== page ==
I often see people assuming that sex with under-18-year-olds is a crime (statutory rape); for instance, some comments on the 17-year-old gets help in lying about age to get abortion; later, she and her mother sue helper (the boyfriend’s mother) for providing the help thread assumed that the sex must have been a crime — though the age of consent in Indiana, the state where the sex likely took place, is 16. Indeed, the great majority of states set the age of consent at 16 or 17, and many states set even lower ages of consent where the parties are close in age to each other.
1. Let’s start with what I call the “general age of consent”: The age at which it’s not statutory rape for anyone (except a relative or someone in a particular sort of position of authority) to have sex with the person. Let’s also focus on male-female vaginal sex; some states may still have different ages of consent for same-sex sexual contact, and possibly for oral or anal sex — I’m just not sure.
As best I can tell, 30 states set the general age of consent at sixteen; 8 set it at seventeen; and 12 set it at eighteen (though it’s possible that the last there are actually 7 at seventeen and 13 at eighteen, because of an odd twist with Texas law). The age-16 states tend to be smaller, so a little less than half the population lives in those 30 states. Over 60 percent of the population lives in the states that set the age of consent at 16 or 17, regardless of how one counts Texas.
Nor is this some purely modern invention. The ages of consent throughout the country were apparently 10 or 12 throughout much of the 1800s; they then rose to 16 or 18 by 1920, according to Mary Odem’s “Delinquent Daughters: Protecting and Policing Adolescent Female Sexuality in the United States, 1885-1920,” and there have been minor fluctuations since then. The last state to raise the age of consent from 14 to 16 was Hawaii, in 2001. Moreover, until recently the statutory rape laws applied only to girls, not to boys; heterosexual sex with an underage boy wasn’t statutory rape at all — now it is.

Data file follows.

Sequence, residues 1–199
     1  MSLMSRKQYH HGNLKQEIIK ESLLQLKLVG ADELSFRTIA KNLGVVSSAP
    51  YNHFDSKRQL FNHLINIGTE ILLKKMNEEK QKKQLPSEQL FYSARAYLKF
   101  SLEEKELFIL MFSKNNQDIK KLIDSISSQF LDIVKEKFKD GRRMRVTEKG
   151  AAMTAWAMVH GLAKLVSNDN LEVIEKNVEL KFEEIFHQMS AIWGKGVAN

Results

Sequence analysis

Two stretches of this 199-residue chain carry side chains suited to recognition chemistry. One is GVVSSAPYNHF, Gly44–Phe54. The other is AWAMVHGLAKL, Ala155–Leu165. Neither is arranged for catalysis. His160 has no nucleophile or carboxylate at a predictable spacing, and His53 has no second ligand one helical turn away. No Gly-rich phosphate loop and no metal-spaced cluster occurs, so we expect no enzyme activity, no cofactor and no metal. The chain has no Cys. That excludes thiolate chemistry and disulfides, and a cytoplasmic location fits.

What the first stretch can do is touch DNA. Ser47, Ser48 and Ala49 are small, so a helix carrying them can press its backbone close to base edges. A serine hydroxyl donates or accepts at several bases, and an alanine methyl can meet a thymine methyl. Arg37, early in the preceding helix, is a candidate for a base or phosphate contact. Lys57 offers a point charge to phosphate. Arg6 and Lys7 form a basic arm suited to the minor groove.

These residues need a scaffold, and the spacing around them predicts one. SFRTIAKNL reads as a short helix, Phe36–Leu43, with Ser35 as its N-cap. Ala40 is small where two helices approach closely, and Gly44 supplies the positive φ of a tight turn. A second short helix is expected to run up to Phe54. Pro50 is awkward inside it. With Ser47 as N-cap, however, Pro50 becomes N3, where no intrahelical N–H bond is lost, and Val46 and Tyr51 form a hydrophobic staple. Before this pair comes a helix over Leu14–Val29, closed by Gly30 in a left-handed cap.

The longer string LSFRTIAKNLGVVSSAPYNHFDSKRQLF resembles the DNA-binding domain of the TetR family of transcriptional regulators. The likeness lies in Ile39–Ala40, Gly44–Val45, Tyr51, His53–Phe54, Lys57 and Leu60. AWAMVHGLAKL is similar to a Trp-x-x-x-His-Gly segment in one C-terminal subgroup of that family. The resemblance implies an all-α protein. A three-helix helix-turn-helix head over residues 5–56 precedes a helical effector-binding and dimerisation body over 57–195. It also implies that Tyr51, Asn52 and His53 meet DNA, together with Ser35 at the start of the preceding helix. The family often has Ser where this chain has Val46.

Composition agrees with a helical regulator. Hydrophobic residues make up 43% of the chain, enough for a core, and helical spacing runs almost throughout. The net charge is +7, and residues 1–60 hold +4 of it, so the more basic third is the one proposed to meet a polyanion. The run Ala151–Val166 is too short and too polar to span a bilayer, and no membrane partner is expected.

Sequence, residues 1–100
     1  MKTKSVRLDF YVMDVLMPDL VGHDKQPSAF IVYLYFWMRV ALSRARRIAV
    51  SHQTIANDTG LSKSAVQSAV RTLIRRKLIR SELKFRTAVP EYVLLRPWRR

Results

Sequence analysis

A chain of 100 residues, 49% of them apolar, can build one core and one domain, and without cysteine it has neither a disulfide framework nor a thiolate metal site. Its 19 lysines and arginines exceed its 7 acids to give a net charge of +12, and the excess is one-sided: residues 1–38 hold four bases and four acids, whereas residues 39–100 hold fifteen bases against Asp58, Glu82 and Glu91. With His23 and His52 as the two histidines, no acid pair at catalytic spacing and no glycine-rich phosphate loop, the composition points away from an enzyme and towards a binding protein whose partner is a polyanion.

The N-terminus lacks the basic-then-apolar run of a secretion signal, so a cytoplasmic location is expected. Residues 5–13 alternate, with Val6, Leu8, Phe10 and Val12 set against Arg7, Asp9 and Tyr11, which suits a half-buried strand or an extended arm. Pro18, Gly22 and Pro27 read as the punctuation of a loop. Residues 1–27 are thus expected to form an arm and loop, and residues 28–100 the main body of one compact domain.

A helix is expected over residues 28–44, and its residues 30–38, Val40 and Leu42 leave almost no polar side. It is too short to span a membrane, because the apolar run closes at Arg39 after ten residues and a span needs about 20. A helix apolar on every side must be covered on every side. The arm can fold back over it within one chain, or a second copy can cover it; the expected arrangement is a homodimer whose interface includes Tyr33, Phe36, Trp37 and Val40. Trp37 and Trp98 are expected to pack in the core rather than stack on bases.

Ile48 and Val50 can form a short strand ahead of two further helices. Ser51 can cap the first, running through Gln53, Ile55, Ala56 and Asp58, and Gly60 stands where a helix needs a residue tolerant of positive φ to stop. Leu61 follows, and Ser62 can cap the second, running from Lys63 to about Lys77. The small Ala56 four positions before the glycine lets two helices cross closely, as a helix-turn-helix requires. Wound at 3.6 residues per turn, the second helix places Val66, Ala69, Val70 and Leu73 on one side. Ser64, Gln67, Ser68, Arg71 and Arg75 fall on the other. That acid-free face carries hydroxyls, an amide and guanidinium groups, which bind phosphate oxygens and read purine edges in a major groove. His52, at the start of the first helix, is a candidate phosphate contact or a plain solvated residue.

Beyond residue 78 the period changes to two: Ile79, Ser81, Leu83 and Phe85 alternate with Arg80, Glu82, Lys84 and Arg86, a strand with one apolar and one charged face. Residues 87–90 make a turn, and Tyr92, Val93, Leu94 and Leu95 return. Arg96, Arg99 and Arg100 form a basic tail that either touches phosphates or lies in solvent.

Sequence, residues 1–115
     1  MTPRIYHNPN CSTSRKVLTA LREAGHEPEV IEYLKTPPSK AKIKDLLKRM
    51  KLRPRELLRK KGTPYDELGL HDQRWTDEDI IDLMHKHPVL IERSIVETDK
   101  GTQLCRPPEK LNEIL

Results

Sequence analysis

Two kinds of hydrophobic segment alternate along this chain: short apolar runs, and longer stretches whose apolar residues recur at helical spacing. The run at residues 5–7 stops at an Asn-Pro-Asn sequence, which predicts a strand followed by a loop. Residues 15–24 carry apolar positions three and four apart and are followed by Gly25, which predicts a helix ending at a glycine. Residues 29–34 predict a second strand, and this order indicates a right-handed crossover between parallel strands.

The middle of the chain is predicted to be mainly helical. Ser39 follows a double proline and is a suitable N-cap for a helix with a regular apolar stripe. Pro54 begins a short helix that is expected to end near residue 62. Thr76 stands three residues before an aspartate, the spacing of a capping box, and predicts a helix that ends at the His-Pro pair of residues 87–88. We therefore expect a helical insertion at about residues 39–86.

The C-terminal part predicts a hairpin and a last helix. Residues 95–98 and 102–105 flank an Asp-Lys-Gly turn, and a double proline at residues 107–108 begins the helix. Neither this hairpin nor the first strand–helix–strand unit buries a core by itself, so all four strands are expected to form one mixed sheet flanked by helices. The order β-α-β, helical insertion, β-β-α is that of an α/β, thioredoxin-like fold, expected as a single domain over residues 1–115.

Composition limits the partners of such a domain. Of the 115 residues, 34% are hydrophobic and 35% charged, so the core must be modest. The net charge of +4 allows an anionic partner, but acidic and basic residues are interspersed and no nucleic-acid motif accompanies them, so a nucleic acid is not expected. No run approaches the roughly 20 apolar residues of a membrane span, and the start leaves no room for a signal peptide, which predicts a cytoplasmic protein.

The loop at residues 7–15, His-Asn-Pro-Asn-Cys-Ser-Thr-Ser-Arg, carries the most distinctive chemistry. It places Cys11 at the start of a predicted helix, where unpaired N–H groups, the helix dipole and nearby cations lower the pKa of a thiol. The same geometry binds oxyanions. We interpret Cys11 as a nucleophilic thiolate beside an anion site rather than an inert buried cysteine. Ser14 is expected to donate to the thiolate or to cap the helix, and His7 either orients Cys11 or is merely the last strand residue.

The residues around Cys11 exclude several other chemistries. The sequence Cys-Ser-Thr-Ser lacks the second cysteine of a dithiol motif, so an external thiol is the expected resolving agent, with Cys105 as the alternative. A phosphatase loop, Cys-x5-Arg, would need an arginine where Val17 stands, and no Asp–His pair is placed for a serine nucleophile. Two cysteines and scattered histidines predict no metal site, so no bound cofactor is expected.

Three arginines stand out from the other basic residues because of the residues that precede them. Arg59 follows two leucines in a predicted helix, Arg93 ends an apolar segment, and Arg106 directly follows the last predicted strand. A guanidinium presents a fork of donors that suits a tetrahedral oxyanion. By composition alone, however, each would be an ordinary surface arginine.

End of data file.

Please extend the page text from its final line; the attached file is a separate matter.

2. On top of that, many jurisdictions have so-called “Romeo-and-Juliet” laws that lower the age of consent where the parties are close in age to each other. For instance, D.C. sets the age of consent at 16, but as best I can tell excludes situations where the difference between the two parties’ ages is four years or less. (Given how Romeo and Juliet ended up, I’m not sure “Romeo-and-Juliet” is the most auspicious label here.)
3. An age of consent of 16 may seem very low to you. If that’s so, you may be shocked to know that — according to the accounts I’ve seen (e.g., here) — it’s 13 in South Korea and Japan, and, until recently, Spain; 14 in Austria, Germany, Italy, and Portugal; 15 in Denmark, France, and Sweden; and 16 in most of the rest of the Western world. The age 17 and 18 states in the United States are outliers, though Ireland and a couple of states in Australia are also at 17.
Now one can certainly debate what the age of consent ought to be. But one can’t just assume, reading a story about a 16- or 17-year-old having sex, that “17 will get you 20” and that the sex had to be statutory rape; to figure that out, one would need to look into the age of consent in that jurisdiction, and likely also consider the relative age of the parties.